Sheridan Su

Sunday, March 28, 2010


Fish Ceviche at Mi Gusto Es

Saturday, March 27, 2010


Who can name this dish?

Blue corn tortilla shell
Frijoles (bean puree)
Queso (cheese)
Salsa verde and salsa roja

Thursday, March 25, 2010

Tuesday, March 23, 2010

A Passion for Noodles

"Taiwanese" Beef Noodle Soup, My Way....

Noodle Porn?

Also known as "niu rou mian" in Chinese

Noodles w/ braised beef shortribs . Here in D.F., Taiwanese restaurants and certain ingredients are non existant, so I revised a version of this noodle soup for some Taiwanese home cooking in Mexico City.

Given a choice between eating only rice or eating noodles for the rest of my life, I would choose noodles. I love noodles. All kinds of noodles, from Beijing style hand pulled noodles, to Shaanxi knife cut noodle, udon, to Italian pasta... but my favorite is Taiwanese beef noodle soup.

When one thinks about Taiwanese food and culture, one must not forget to mention "niu rou mian", which translates to beef noodle soup. It is a dish that has made such a great impact on a country, that it has become a way of life for many Taiwanese. It is near impossible to walk through more than a couple blocks without spotting a restaurant specializing in this dish. There are niu rou mian festivals and a annual competition, where the winner gains instant fame amongst his countrymen and women.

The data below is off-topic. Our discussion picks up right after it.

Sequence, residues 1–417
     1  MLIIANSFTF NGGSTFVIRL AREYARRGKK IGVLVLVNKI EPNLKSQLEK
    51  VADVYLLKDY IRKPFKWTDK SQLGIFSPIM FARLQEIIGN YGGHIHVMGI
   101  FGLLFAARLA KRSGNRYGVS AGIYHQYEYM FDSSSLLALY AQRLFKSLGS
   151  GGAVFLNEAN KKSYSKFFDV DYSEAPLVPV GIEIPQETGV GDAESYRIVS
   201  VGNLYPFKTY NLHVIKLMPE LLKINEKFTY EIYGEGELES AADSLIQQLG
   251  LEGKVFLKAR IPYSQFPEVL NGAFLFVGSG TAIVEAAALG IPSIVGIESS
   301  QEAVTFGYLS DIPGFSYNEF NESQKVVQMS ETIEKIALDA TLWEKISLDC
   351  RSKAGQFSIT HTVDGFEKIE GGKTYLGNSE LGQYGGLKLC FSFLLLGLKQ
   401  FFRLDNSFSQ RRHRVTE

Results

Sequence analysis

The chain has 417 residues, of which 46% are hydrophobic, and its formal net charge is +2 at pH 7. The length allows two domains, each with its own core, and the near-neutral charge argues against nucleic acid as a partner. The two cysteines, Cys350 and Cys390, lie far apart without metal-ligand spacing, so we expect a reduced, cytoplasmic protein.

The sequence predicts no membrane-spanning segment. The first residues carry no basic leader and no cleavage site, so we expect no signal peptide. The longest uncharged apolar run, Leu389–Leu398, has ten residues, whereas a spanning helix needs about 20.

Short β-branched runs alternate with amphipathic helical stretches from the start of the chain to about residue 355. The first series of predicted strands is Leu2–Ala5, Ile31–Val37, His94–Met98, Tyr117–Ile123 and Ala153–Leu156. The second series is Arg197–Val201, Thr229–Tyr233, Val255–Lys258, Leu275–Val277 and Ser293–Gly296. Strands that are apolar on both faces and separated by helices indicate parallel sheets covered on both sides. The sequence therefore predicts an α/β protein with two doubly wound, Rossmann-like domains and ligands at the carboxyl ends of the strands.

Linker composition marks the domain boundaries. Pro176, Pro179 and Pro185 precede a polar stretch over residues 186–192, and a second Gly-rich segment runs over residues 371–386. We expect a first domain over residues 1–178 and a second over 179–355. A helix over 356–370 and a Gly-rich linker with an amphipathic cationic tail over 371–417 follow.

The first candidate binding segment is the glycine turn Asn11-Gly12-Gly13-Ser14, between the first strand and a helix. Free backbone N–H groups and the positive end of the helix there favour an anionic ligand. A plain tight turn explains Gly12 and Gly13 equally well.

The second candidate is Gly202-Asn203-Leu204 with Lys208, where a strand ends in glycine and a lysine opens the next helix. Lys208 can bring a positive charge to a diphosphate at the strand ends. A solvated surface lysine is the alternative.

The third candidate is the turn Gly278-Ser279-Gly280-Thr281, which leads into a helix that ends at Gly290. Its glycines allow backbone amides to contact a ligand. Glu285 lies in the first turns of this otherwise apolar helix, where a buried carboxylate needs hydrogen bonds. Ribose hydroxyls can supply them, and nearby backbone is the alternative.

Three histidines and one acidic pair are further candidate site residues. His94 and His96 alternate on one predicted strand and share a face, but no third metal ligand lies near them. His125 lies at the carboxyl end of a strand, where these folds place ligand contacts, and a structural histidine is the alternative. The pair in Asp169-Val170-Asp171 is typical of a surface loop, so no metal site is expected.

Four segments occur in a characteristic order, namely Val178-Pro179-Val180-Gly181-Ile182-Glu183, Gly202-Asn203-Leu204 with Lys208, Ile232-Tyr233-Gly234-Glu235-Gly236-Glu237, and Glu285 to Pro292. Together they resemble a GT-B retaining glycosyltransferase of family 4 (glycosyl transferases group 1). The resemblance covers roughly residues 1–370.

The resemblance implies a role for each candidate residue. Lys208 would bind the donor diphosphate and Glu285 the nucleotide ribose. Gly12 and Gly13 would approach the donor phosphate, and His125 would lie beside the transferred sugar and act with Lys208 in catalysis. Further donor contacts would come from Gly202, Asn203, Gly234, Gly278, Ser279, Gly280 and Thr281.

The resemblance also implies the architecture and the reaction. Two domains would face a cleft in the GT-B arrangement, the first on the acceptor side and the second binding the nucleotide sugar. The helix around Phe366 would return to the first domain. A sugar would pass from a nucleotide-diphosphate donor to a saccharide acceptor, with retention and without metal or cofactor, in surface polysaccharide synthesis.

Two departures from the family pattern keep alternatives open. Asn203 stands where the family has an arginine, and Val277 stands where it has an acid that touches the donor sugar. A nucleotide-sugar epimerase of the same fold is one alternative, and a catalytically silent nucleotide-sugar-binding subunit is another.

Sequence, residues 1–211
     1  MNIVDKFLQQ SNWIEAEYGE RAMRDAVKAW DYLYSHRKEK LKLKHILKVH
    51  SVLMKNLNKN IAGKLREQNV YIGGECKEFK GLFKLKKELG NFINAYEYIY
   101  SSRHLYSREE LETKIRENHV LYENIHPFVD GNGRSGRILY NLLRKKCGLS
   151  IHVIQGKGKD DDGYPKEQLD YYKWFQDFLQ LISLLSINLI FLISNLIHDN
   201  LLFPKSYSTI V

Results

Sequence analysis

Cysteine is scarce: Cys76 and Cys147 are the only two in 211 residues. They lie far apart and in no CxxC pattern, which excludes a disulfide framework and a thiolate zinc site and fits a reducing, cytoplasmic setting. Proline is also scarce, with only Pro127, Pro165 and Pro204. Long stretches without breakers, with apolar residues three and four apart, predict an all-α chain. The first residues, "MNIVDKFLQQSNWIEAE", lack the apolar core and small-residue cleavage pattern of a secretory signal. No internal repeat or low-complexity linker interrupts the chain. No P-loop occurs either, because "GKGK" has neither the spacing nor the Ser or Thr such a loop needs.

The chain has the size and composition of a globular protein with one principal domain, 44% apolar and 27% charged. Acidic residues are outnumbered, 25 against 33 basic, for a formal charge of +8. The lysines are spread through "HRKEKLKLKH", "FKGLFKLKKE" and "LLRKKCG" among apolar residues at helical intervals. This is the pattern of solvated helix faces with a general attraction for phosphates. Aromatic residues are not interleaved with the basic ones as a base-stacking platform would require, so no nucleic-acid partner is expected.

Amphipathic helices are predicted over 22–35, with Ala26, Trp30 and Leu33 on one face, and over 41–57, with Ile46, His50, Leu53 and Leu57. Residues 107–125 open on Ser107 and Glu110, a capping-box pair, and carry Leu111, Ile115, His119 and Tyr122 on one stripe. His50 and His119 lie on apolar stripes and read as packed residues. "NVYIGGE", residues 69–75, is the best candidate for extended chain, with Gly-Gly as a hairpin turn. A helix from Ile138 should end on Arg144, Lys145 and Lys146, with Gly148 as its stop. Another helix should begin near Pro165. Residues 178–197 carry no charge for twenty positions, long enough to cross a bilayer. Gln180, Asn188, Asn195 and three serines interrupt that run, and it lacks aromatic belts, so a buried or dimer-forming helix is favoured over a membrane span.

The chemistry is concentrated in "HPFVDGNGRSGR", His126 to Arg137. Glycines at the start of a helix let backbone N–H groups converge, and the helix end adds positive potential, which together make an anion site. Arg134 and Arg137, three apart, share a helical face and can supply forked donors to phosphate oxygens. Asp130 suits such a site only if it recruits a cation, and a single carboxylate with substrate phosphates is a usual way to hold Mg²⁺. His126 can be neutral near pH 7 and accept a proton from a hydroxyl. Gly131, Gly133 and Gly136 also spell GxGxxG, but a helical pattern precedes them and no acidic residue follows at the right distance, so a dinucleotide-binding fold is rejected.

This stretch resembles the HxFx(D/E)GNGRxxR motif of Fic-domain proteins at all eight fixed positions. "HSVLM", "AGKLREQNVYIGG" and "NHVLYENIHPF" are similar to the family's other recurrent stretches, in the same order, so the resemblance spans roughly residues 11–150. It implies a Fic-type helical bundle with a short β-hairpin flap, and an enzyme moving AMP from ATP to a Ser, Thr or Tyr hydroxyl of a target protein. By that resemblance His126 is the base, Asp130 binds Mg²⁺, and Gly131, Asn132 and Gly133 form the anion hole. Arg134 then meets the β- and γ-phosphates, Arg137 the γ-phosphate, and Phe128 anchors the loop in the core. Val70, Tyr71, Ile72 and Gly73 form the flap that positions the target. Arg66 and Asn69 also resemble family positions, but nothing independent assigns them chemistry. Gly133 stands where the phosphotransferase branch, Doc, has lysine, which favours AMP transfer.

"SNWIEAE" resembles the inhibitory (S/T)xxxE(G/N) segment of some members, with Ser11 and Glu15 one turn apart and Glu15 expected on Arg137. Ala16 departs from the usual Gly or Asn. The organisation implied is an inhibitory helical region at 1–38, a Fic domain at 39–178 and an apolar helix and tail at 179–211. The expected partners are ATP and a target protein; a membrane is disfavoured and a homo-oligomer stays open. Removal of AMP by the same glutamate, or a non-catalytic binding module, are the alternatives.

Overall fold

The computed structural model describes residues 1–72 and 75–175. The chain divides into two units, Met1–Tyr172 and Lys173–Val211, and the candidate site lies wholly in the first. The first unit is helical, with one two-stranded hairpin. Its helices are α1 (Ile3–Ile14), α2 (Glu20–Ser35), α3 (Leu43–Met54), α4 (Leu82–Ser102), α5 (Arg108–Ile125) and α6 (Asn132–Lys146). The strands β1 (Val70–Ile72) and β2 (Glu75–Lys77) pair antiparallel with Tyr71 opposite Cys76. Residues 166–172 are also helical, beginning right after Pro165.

If I had a bowl full of this in front of me, then there are no other foods in the world I would rather eat. So...if you ever find a Taiwanese restaurant, go in and tell them that you want "niu rou mian"!

Thursday, March 18, 2010

The King of Mexico City's Street Foods: Tacos, Baby!!!

My favorite taco stand in Tacubaya.

Cooking up some longaniza sausage, suadero and tripa with corn tortillas.

Una orden tacos suaderos.
Cost: 6 tacos for 10 pesos.
Conversion rate: 13 pesos = $1 USD

Tortas, Quesadillas, Frito Plantanos, Hambugeresas, Tamales, Flautas, Helado, Street Corn....

In a city where the thousands of street food vendors line sidewalks, alleyways, and anywhere they can fit their cart in, the street taco is KING.

The tacos are wrapped in corn tortillas, about 4 inches in diameter. The tortillas are always doubled up with 2 pieces per taco. You call out the filling of choice, whether it be al pastor (a gyro like sausage rotated on a rotisserie), longaniza sausage, tripe, suadero, or the many other offerings. After the tacos are filled with your desired protein, it gets topped with cilantro and onion. And now, the fun begins. You customize your taco with a little salsa verde or rojo, a squeeze of limon, and add cucumbers or radishes on the side.

My favorite taco stand is right off the Tacubaya metro station. For 10 pesos, you get 6 great tasting tacos of suadero or longaniza. Or for the same amount of dinero, you can have 4 tripas tacos, which is a specialty of this vendor. He often sells out!

Street tacos are delicious, however there are risks for all street foods. Eat with caution.

1. Find the busiest vendors. If it's good enough for the local crowd, then it's good enough for me. They know what's good.
2. See, taste, smell. Is their cooking platform dirty? Is the cooking oil old or is the oil clear and fresh? Does the meat have an off odor?